Nelson, Golden Bay and Able Tasman National Park : 40:58.755S, 173:03.235E

Serenity of Swanwick
Phil and Sarah Tadd
Fri 10 Dec 2021 21:05

Nelson is an attractive small city with a relatively modern cathedral and a lively atmosphere compared to the northern towns we are used to.  We enjoyed a couple of meals out, including to celebrate our 35th anniversary and were able to catch up with Neil and Jane – hashing friends from the UK who live just outside the city.  Rebell arrived three days after us having had a slower passage down the Tasman Sea, but with less motoring.

The cathedral is sited on a hill at the end of the High Street in lovely grounds.  We visited during the Christmas Tree festival!

There are lots of outdoor cafes, including this trailer parked besides the marina.  A great spot in the sunshine

We decided to make use of our hire car while we had it and to have a road trip to Golden Bay, which is about 125 miles north west of Nelson, and booked two nights accommodation just outside Collingwood at Ao Marama Retreat.  When we drove through this area in 2017 the road to Golden Bay over Takaka Hill was closed due to landslides following extra-tropical cyclone Gita.  Nearly 4 years on and the road is still being repaired!

Looking back to Nelson from the top of Takaka Hill

We stopped for lunch in Takaka, a place with a slightly hippy feel but with a nice wholefood café, then enjoyed an hour’s bush walk alongside a river to Wairua Falls before booking in to our accommodation.

A well made path alongside the river to Wairua Falls

Golden Bay was named for the gold that was found in the Aorere Vally in the 1850s, sparking a gold rush, rather than for the amazing sandy beaches

Ao Marama, which is situated on a hill between the road and the beach, used to be a Buddhist retreat and maintains the simple ethos.  There are 6 sleeping cabins, 4 of which share shower and toilet facilities, with an open air kitchen/barbeque/eating area.  They have mains electricity, but the water is rainwater and you are encouraged to use the composting toilet rather than the flushing ones to save on water.  The views from the site out into Golden Bay would be stunning, but we had chosen a dull few days to visit so didn’t really get to enjoy them.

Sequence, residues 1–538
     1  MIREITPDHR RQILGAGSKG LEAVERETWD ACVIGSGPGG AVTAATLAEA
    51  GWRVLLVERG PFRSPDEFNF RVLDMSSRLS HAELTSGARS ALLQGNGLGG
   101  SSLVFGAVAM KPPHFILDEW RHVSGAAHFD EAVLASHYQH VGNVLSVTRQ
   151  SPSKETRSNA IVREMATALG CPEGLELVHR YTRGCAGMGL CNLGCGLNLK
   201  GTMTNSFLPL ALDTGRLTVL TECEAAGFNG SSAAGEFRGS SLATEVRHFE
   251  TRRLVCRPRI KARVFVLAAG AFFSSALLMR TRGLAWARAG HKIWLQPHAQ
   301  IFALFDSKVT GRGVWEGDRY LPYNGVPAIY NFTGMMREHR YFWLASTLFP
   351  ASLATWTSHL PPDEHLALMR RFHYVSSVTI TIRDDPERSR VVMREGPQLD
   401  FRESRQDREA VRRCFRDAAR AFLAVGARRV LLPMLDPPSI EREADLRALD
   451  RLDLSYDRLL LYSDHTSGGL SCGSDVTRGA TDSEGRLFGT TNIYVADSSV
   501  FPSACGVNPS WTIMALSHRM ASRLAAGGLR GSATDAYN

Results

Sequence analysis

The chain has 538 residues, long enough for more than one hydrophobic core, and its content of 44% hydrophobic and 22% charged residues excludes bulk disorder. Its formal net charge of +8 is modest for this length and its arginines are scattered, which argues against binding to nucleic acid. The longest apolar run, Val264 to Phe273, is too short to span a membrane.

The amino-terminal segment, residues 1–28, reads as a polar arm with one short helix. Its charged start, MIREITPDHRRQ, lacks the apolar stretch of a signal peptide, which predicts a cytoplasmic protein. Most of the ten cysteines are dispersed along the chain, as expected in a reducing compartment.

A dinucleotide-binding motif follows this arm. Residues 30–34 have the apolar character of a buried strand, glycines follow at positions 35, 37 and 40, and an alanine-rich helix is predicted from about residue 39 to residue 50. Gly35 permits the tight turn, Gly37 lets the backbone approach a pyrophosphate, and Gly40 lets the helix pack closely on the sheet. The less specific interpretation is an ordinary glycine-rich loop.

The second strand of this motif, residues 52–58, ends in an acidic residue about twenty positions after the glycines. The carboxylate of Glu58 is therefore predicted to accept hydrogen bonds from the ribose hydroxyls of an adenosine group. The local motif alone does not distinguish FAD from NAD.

Our sleeping cabin

Sun deck with barbeque and view!

There was a short but steep walk down to the beach where there were a few baches (holiday homes), lots of driftwood and a flock of pied oystercatchers.

The oystercatchers take flight as we approach.

We had booked a tour to Farewell Spit for the next day, but received a call in the morning to say it might be cancelled due to the weather – one forecast model showed rain all day.  Luckily they made the call to go ahead as it stayed dry if still overcast.  This was the first time we had needed to use our COVID passports which are now required in bars, restaurants and on tourist trips over here.  The tour was amazingly informative about the history, ecology and wildlife of the area which is a magnet for migratory wading birds with the 32 km long Farewell Spit being designated as a wetland site of international importance under the Ramsar Convention. 

The first stop on our tour was Cape Farewell, the most northerly point on the South Island and named by Captain Cook as it was his departure point at the end of his first visit to New Zealand

Then we were driven onto Farewell Spit in the tour company’s bus, specially adapted to cope with the sand dunes.  This is the only company allowed to take tourists the full length of the spit and they are also involved in conservation work

As we drove down the spit we saw an number of New Zealand fur seals, which live here

The Bartailed Godwits had recently arrived after their amazing migration from Alaska – they make the 12,000km flight non-stop in about 9 days!

The Gannet Colony at the end of the spit is only just above sea level and the lower nests get swamped at certain tides – why do they nest there when there is higher land not far away?

A small number of Variable Oystercatchers also nest on the outside of the spit and rarely manage to raise chicks because the nests are covered by windblown sand or flooded.  This year one pair have been successful and we were lucky enough to see one of the parents feeding its chick.

The Farewell Spit lighthouse is almost at the end of the spit and we saw it as we sailed into Tasman Bay on our approach to Nelson

The Aorere Valley inshore from Collingwood is now an agricultural area and we drove up to Bainham to see the Langford Store.  There is a Post Office, café and store serving a community of about 350, but you wouldn’t have know there were that many people around.  The store is well stocked with second-hand fine china tea plates, cups and saucers, all carefully matched, but its not clear who the customers are!

The main street at Collingwood, with the hills behind shrouded in cloud as they were throughout our stay

The Langford Store.  We were the only customers.

On our way back to Nelson we stopped for the short walk round Waikoropupu Springs, some of the most pure water in New Zealand after filtering down through the Karst of Takaka Hill.

Back in Nelson we had an enjoyable evening at Neil and Jane’s house for Christmas drinks then when, on Wednesday, the sun came out for the first time since we arrived we left the marina to sail north to our current anchorage behind Adele Island in the Able Tasman National Park.  We are sharing the bay with a number of yachts, including Desiderata who we first met in the San Blas Islands and Panama in 2017.

Sailing away from Nelson on the first sunny day since our arrival

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